KLRG1 expression has been associated with distinct stages during NK and T-cell differentiation and differences between KLRG1+ and KLRG1 lymphocytes subsets have been demonstrated in several instances. This includes the decreased ability of MCMV-activated KLRG1+ NK cells to produce IFN-γ 21, the low level of KLRG1 expression by non-responsive NK cells lacking self-MHC-specific inhibitory receptors 20, 37, the impaired capacity of KLRG1+ effector/memory T cells to proliferate 7, 11, 13, 14, 29, the paucity of KLRG1+ effector/memory cells to produce IL-2 and inability of KLRG1+ effector cells to give raise to long-lived memory T cells 15, 16. Importantly, the experiments performed here revealed that KLRG1 serves as marker for these lymphocyte differentiation stages and their functional characteristics but it does not play a deterministic role. Of note, treatment of B6 mice with anti-KLRG1 mAb did also not affect induction of LCMV-specific CD8+ T cells determined by MHC class I tetramer staining and did also not influence the extent of CD62L- and CD127-downregulation in these cells during the acute phase of the infection (data not shown).

Even though our study did not reveal alterations of immune functions in the absence of KLRG1, we certainly cannot exclude the possibility that KLRG1 regulates T-cell or NK-cell functions that we have not investigated in this first characterization of these mice. We have recently observed that KLRG1-E-cadherin binding can also strengthen the interaction between cells 26. Thus, the effect of KLRG1 deficiency on lymphocyte adhesion in epithelial tissues expressing E-cadherin such as lung, intestine or skin will have to be tested. In addition, autoimmune models in which slightly activated lymphocytes persist in such tissues could now be used together with the KLRG1-deficient mice generated here.

Materials and methods

  1. Top of page
  2. Abstract
  3. Introduction
  4. Results
  5. Discussion
  6. Materials and methods
  7. Acknowledgements
  8. References
  9. Supporting Information

Generation of KLRG1 KO mice

The targeting vector was constructed by insertion of an IRES-LacZ-neo cassette into the PvuII site of exon 3 of KLRG1 using a 10 Kb KpnI fragment containing exons 1, 2 and 3. The fragment was derived from a PAC clone (RPCIP711N196Q3) from a mouse 129/Sv genomic library RPCI 21 (RZPD, Berlin, Germany). The NotI-linearized construct was transfected by electroporation into 129/Sv-derived HM1 ES cells, and G418-selected ES cell colonies were screened for homologues recombination by Southern blot analysis. Two out of 120 clones carried the recombined Klrg1 gene and one of them (M31) was injected into B6 blastocysts and resulting chimeric mice were crossed with B6 mice to attain germ line transmission. Germline competent mice were first backcrossed to B6 mice for six generations. To identify offspring that carried a recombination between the targeted KLRG1 allele (59.2 cM on chromosome 6) and the NKC (62.12–63.6 cM), DNA from tails of the offspring during further backcrossing to B6 mice were analyzed by PCR for a B6/129 sequence polymorphisms of the CdKn1b (p27Kip1) gene 38 (62.0 cM) using the following primers: 5′-GTTACTTTTGAGTGCAGGAG-3′ and 5′-TTTCTTAGCCACATCTTTGC-3′. This PCR yielded a product of 165 bp for B6 and 95 bp for 129/Sv mice. The presence of the targeted KLRG1 allele was determined by a PCR specific for NEO (5′-CTTGGGTGGAGAGGCTATTC-3′ and 5′-TCATTTACACTCCCTGGTTGTCCGGAAATG-3′) that resulted in an 800 bp product. Four out of 138 Klrg1+/− mice were identified during the B6 backcrossing that carried a recombination event between the targeted KLRG1 allele and the NKC of B6 mice. These mice were intercrossed to generate homozygous KLRG1 KO mice.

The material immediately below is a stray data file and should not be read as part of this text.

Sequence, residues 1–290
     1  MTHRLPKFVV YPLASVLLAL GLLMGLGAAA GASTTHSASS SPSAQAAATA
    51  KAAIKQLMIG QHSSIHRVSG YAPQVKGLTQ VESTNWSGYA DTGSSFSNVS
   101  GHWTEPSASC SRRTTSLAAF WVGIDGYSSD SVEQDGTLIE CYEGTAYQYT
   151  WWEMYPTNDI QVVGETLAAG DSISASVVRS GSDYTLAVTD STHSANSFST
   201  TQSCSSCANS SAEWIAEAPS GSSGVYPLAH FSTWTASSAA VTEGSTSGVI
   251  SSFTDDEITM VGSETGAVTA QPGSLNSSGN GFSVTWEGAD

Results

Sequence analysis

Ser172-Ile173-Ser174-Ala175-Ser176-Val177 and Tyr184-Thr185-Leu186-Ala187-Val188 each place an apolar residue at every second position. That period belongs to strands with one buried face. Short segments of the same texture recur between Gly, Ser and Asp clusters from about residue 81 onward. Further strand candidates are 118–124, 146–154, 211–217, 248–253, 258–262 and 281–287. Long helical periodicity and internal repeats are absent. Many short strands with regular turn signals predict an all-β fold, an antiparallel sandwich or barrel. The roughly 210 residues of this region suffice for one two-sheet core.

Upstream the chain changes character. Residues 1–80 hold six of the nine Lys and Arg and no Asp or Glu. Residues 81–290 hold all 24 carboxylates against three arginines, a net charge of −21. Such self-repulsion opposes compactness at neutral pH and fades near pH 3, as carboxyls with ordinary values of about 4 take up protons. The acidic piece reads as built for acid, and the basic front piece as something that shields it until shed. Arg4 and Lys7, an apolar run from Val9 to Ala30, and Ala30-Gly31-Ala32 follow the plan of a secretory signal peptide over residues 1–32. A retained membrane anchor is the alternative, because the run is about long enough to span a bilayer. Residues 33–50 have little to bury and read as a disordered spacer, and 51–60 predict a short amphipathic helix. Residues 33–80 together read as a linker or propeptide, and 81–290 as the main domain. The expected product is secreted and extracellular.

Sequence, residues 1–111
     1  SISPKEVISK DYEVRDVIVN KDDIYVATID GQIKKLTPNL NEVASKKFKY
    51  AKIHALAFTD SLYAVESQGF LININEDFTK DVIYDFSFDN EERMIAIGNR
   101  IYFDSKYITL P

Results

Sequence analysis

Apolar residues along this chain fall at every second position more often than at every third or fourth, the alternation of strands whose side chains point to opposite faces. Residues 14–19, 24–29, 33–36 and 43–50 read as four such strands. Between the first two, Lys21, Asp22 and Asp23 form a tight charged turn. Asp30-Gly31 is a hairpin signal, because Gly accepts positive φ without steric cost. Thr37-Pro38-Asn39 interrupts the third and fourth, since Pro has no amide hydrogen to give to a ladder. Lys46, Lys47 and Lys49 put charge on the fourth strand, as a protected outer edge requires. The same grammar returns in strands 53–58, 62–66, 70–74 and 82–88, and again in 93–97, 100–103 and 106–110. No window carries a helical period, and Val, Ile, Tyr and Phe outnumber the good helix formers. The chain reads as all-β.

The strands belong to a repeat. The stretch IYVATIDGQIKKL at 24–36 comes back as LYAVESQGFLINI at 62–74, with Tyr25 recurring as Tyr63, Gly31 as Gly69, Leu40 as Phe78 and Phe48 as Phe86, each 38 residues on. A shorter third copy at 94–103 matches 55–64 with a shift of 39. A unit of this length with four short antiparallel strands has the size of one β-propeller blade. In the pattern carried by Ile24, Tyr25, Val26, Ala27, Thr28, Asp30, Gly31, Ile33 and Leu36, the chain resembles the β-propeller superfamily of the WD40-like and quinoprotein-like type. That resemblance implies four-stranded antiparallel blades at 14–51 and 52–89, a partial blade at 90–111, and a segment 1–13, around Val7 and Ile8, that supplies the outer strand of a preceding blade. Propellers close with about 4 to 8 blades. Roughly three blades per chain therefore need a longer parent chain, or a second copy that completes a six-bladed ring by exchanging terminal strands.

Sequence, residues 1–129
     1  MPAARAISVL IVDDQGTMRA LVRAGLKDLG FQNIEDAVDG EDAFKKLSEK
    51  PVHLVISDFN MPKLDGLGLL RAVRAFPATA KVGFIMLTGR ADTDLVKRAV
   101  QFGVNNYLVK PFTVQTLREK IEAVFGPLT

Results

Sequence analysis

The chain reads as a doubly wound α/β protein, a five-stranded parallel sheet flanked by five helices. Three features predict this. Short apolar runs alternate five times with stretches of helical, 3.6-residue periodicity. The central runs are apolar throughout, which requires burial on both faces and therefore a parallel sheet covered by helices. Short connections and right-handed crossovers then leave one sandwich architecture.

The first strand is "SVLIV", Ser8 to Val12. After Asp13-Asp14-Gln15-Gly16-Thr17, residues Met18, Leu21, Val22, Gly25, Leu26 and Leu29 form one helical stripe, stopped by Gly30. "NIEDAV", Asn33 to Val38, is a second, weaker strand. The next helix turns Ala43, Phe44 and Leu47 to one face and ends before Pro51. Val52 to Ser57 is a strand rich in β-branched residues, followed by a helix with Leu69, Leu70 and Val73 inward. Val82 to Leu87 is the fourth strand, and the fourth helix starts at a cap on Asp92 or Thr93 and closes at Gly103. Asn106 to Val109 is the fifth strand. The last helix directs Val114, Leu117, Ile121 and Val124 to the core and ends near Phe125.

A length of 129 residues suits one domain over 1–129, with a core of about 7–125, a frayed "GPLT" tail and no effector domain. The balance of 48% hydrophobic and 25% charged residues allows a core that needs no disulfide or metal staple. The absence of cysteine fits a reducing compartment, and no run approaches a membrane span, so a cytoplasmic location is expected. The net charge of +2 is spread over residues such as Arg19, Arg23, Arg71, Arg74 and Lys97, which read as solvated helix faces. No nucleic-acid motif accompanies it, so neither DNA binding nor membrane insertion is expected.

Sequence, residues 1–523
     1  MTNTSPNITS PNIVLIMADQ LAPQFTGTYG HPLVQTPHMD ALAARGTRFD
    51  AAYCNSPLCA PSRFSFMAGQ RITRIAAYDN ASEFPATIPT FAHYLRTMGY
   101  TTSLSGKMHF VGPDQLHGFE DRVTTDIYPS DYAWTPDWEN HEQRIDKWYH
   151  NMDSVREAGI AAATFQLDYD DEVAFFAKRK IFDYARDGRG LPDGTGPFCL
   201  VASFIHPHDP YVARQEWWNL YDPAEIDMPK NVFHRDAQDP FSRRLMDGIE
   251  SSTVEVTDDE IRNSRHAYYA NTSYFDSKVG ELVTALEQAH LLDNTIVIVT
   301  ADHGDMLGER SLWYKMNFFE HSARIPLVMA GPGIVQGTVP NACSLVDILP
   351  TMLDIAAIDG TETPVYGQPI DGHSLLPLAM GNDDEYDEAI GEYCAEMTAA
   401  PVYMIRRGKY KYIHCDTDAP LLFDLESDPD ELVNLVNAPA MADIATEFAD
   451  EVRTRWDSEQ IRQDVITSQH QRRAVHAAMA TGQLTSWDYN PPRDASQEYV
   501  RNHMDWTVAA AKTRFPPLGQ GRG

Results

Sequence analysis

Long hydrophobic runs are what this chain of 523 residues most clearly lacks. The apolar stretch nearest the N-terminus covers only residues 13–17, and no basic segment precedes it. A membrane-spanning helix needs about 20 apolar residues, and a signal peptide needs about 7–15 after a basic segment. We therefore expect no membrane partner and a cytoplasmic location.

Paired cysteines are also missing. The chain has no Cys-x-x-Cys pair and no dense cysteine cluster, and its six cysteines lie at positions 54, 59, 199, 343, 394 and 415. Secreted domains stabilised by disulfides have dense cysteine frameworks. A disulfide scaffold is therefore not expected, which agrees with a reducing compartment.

Southern and Northern blot analysis

KpnI-digested DNA was electrophoresed in 0.8% agarose gels, transferred to a nylon membrane (Gene Screen, PerkinElmer Life Sciences, Boston, MA, USA) and hybridized with a 32P-labeled 5′-flanking probes as depicted in Fig. 1A. Total RNA was isolated from spleen cells of LCMV-infected mice (day 8 p.i.) with an RNA Isolation Kit (Fluka Chemie AG, Buchs, Switzerland) and 10 μg of total RNA per lane were run on 1.2% agarose gels containing formaldehyde. RNA was transferred to nylon membrane (Gene Screen) and hybridized with a 32P-labeled KLRG1-specific probe. The probe consisted of 164 bp from exons 1 and 2 of KLRG1 generated by PCR using the following primers: 5′-GCTGACAGCTCTATCT-3′ and 5′-AGGATCCGTTGATACATCAGTAG-3′.

Mice

C57BL/6 (B6) mice were obtained from the BioMed Zentrum of the University Hospital Freiburg or from Harlan Winkelmann (Borchen, Germany). P14 KLRG KO mice were generated by mating Thy1.1+ P14 TCR transgenic mice (B6; D2-Tg(TcrLCMV)318Sdz/JDvsJ) 39 with KLRG1 KO mice. KLRG1 transgenic mice (B6, CBA/J-Tg(Klrg1)1Dhr) 20 were obtained from Thomas Hanke (University of Würzburg, Germany). Mice were bred at the BioMed Zentrum and were kept under specific pathogen-free conditions. Female or male mice were used at 8–20 wk of age and all animal experimental protocols used in this study were approved by the Regierungspräsidium Freiburg.